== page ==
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Re: Fiber Optic Information



We do this stuff in CATV all the time at bandwidths up to 800 MHz, it's 
called Fiber Nodes,

Essentially, Baseband TV signal (Composite audio/Video for a given channel) 
to a Modulator to put it at the frequency or channel you really want it on, 
then combine the signals to a series of channels, then into a Fiber 
Transmitter at the "shack" to convert the Channelized RF to Fiber Optic 
Signals, Send over Single Mode Fiber cable (usually a single fiber at 1550 
nM) to a Fiber Receiver or Node, the node has the amplification within in 
it to send a signal out onto the Coax at up to 56 dBm for transmission over 
the  the Coax plant.  Power must be supplied at the Receiver site so a a 
power amplifier wouldn't be a problem, the reverse path is similar, but is 
sent back to the central site on the lower bands (20-50MHz and at 1330nM on 
the same fiber) over the coax/fiber set up.  At the central site a splitter 
provides the 1330 to a receiver and prevents the high power fiber 
transmitter power from getting to the "receive" receiver.  The information 
in the case of CATV is set top box ID, CableInternet, or Telephone voice.

Biggest problem is the cost..


Tranmitter is 10-15000 dollars, 1:2 optical splitter is 1500 dollars, 
optical receiver/node is 1500 to 3000 dollars depending on the features, 
(oh depending on the brand and types this could all be controlled by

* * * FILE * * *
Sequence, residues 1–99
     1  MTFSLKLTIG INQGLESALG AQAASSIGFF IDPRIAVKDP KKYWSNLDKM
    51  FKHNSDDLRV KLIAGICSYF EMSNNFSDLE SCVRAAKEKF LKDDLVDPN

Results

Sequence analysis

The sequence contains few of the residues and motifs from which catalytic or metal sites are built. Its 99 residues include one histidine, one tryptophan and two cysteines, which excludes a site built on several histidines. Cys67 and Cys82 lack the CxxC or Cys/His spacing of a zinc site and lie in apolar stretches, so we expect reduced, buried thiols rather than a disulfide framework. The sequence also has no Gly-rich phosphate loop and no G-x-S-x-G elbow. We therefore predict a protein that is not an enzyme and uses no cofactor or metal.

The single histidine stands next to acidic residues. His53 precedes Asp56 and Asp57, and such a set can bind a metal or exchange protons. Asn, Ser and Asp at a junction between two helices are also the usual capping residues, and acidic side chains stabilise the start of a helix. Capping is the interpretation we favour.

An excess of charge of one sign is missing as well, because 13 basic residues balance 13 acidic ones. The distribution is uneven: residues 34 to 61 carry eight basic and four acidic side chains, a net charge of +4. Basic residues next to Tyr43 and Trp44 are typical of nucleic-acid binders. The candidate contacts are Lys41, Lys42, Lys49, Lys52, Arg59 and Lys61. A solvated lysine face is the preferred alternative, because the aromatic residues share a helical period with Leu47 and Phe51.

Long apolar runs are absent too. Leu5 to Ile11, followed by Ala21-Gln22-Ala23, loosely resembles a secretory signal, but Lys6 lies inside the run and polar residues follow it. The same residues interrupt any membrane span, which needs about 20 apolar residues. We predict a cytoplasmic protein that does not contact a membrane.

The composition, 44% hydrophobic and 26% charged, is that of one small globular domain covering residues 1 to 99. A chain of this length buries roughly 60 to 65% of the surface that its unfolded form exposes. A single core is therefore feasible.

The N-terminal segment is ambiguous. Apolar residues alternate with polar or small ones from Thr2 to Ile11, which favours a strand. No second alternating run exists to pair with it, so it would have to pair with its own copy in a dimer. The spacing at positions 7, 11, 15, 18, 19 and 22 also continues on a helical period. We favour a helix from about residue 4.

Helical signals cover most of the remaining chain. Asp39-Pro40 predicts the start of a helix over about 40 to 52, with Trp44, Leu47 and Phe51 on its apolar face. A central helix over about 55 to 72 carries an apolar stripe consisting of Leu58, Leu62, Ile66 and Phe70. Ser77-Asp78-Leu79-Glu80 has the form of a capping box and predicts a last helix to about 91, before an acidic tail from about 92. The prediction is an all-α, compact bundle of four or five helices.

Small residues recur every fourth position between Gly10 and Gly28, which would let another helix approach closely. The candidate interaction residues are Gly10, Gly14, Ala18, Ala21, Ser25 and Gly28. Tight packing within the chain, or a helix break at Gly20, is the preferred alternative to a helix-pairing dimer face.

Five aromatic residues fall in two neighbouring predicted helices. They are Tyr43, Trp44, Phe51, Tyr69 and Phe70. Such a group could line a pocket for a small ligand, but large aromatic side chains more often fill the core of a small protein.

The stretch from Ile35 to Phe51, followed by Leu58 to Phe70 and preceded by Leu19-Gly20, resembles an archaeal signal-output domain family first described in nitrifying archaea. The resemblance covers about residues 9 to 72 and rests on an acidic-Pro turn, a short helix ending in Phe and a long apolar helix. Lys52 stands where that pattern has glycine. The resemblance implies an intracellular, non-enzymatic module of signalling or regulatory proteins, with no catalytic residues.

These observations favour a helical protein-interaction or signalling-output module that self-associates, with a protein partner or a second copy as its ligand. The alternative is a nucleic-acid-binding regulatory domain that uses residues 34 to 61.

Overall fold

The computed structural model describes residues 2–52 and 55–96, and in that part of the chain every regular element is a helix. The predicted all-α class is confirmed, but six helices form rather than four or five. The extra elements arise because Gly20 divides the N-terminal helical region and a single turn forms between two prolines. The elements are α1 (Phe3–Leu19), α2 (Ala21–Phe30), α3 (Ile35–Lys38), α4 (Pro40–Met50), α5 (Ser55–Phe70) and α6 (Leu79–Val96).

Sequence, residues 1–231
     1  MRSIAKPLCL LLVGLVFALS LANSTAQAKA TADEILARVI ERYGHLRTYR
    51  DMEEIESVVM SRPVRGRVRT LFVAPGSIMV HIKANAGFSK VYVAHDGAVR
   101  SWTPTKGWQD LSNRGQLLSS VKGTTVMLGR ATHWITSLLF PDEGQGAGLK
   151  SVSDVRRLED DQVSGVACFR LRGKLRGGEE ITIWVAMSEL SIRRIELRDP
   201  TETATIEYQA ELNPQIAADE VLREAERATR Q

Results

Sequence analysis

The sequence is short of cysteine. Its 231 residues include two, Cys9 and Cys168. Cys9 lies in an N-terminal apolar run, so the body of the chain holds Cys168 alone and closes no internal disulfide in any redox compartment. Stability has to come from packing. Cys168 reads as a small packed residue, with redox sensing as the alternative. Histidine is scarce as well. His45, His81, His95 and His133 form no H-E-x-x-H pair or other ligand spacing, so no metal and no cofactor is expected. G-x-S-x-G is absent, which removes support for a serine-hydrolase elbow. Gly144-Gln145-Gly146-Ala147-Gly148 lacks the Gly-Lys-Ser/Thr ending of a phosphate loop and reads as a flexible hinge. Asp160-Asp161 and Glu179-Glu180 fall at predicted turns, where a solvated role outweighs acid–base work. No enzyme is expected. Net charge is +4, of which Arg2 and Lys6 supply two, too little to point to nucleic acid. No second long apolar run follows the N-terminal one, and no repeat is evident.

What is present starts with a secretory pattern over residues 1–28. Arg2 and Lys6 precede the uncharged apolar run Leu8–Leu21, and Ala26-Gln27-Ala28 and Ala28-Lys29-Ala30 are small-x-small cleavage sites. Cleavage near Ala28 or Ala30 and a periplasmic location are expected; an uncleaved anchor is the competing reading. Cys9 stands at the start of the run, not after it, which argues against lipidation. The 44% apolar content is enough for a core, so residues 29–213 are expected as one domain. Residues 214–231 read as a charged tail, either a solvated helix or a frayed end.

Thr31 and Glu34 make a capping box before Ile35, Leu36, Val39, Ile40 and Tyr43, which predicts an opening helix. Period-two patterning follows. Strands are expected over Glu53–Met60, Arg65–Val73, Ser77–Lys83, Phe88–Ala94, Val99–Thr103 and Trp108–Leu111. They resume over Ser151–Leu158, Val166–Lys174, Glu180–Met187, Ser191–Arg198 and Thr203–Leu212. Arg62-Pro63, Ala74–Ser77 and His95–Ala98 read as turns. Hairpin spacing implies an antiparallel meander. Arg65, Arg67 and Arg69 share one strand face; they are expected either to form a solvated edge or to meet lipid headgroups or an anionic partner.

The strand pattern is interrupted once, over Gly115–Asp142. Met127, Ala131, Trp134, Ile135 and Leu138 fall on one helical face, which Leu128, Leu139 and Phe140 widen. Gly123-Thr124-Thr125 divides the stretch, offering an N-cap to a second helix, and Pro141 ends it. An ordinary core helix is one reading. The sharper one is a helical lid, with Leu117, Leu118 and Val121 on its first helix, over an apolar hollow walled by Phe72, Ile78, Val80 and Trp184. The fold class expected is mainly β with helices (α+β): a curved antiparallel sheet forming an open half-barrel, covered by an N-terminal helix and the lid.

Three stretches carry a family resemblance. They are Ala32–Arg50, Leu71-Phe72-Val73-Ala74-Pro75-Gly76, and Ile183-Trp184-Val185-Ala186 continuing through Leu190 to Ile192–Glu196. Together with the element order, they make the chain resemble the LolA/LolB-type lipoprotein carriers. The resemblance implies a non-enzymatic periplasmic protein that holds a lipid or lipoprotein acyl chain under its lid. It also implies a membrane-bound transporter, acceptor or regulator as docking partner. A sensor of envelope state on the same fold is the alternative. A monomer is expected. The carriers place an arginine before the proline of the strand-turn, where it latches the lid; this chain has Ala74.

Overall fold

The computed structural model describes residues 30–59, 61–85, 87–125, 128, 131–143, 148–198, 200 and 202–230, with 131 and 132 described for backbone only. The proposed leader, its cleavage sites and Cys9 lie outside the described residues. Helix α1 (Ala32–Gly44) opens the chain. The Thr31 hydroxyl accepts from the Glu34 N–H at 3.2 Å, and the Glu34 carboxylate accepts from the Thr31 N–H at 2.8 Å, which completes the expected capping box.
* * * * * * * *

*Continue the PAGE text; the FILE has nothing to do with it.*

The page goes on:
PC/Digital SNMP type data on the fiber) and at just about any distance 
between the transmitter and the receiver up to 60KM.  (Oh don't let single 
mode fiber scare anyone, it is less expensive than MM, but typically you 
must use commercially installed SC/APC connectors.)

There is much of this in the 1330nM starting to show up on the secondary 
(trading older systems for newer systems) market within CATV.

(Oh by the way, I have personnally designed and installed HFC (Hybrid Fiber 
Coax) Systems, so I come with a little knowledge and experience in this 
area, Now using it for Ham radio remoting of radio/antenna sites would be a 
use I think many of us especially in the ARES/RACES arena might like to 
try... (for instance I have a water tower about 3/4 of a mile from the EOC 
that would make a great antenna site, I even have permission to use it but 
haven't figured the best way to remote my antennas/radios yet....)

   At 10:01 AM 1/11/00 , Jon Ogden wrote:
 >on 1/10/00 22:55, Ryan K. Brooks at ryan@inc.net wrote:
 >
 > > What do you mean by "feedline"... obviously not for RF...  do you mean for
 > > rotor
 > > control?  If so, should be no problem... even indoor multimode stuff is
 > > incredibly tough.   If it's not tough enough, go to a riser-rated version.
 >
 >Well, you could have a fiber optic feedline for your voice or data
 >communications link as well.  You would need a fiber to RF converter at the
 >antenna.  It's not a half bad idea as you would basically be able to convert
 >your received RF directly to fiber and then you'd be able to receive in the
 >shack with virtually no loss.  You'd just need a receiver in the shack
 >capable of taking and converting from fiber back to RF so you can listen or
 >talk on your rig.  They do stuff like this in the commercial industry.  I've
 >not seen it for ham stuff but it could be done.
 >
 >73,
 >
 >Jon
 >KE9NA
 >
 >
 >--------------------------------------------------------------------------
 >The Second Amendment is NOT about duck hunting!
 >
 >
 >Jon Ogden
 >
 >jono@enteract.com
 >www.qsl.net/ke9na
 >
 >"A life lived in fear is a life half lived."
 >
 >----
 >Via the amsat-bb mailing list at AMSAT.ORG courtesy of AMSAT-NA.
 >To unsubscribe, send "unsubscribe amsat-bb" to Majordomo@amsat.org

Bob Brandel
KG4CGP
Emergency Coordinator, Spotsylvania County, Virginia
ARES Officer
Grid FM18
Roanoke Division, Virginia Section
Member ARRL, AMSAT, ARES, Rappahanock Valley Amateur Radio Club (147.015), 
Woodbridge Wireless


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